No Martyrs Abroad

In the wake of the horrific terror attack in Halamish, Israel is once again searching for a way to prevent what has become an all-too-common occurrence: the deliberate targeting of non-combatant civilians by terrorists who seek Israel’s capitulation. The routine targeting of non-combatant civilians is unacceptable and intolerable. It is the duty and obligation of governments and political leaders to take steps to ensure that such attacks end. But the punishments Israel has already imposed for terrorists and those who aid them have proven unsuccessful, leaving Israel desperate for a solution. Now, some Israelis are advocating for a return to a penalty used only twice in Israeli history: execution. Such a move is nothing short of perilous. Far from being effective, the death penalty will discourage no one. It will, however, create more martyrs for the Palestinian cause. Worse, it will devastate Israel’s international standing. This cannot be allowed to happen.

Just before he brutally slaughtered Yosef, Chaya, and Elad Saloman, the Halamish terrorist Omar al-Abed calmly purified himself with water and recited verses from the Qur’an. These were his eager preparations for what he realistically believed was his imminent death. Al-Abed’s actions were neither youthful recklessness nor grim stoicism, but the product of an Islamist culture which inculcates its members against a fear of death.

In Islamist society, death is something to be impatiently awaited. It is a blessing for the true believer, a passing to a better life. This is particularly true for those killed in battle on behalf of Islam. According to Islamic theology, these martyrs are sent to the highest level of Paradise, where all manner of glory and reward awaits them.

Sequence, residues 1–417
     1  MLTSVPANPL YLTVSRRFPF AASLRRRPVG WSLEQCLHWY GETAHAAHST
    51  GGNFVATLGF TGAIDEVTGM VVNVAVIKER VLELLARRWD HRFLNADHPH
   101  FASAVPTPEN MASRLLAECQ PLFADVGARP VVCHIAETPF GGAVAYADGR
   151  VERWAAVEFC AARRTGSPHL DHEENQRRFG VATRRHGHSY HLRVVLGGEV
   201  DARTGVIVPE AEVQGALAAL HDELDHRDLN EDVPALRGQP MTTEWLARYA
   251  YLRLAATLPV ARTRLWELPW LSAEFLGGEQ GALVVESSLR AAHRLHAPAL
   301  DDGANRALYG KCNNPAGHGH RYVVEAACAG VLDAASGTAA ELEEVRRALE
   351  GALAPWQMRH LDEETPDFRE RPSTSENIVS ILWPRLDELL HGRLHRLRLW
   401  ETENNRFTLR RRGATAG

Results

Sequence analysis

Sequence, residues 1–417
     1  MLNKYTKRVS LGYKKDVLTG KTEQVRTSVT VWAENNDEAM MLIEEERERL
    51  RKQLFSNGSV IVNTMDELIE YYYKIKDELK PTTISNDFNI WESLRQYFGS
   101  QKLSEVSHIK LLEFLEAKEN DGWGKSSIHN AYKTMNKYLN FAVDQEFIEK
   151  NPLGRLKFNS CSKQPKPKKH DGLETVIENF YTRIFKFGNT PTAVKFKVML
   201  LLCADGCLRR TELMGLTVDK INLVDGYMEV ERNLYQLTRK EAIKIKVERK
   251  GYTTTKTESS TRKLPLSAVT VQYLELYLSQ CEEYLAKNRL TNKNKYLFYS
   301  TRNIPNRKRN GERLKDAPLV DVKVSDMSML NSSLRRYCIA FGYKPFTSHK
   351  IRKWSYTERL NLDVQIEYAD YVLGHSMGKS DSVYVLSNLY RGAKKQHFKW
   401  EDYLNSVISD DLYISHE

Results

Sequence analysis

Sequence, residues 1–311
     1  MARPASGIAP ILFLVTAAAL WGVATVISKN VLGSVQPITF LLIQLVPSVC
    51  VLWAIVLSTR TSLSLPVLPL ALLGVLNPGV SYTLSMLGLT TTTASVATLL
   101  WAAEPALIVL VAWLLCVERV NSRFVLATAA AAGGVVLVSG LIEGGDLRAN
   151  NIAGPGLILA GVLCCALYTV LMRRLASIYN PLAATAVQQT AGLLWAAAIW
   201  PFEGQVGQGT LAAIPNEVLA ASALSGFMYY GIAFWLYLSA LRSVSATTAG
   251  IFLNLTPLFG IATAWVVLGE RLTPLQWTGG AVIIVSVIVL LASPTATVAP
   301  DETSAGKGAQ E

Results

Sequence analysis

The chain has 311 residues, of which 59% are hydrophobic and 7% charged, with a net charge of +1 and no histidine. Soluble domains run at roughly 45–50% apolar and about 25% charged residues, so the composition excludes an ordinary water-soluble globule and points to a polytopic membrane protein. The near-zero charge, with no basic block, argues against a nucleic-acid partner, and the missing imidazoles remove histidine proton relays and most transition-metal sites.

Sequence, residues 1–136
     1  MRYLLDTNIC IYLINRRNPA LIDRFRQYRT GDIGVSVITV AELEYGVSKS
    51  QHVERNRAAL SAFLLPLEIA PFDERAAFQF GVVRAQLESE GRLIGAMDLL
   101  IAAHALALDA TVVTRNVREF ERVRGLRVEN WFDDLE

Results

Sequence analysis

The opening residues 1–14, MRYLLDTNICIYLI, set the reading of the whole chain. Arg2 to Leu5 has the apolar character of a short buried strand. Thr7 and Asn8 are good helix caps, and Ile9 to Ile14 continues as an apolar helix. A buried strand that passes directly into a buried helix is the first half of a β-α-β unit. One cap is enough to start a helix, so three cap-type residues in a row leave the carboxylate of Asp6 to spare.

Fearless and zealous fervor in the face of death has been the key strength of Islamic warriors since the days of Muhammad’s first conquests. An unwavering conviction that death is not something to fear allowed for the overwhelming tenacity of the armies of the caliphates. It is that same conviction which now allow the members of violent jihadist groups like al-Qaeda, the Islamic State, Hezbollah, and Hamas to wage a visceral, terrifying, primeval kind of warfare, arguably the most effective terrorism in the history of the world. Death is a friend to Islamist practitioners of violence.

Whether it comes from a soldier’s gun in the narrow alleys of the Old City or from a sterile syringe while strapped to the executioner’s table, death for the Islamist terrorist is martyrdom, the highest honor, an express ticket to paradise. Far from being a deterrent, the possibility of death is encouragement, an incentive to wage violent jihad. Because of this, reimposing the death penalty will not and cannot succeed in discouraging future terrorists. What it will do, though, is weaken Israel’s standing on the international stage.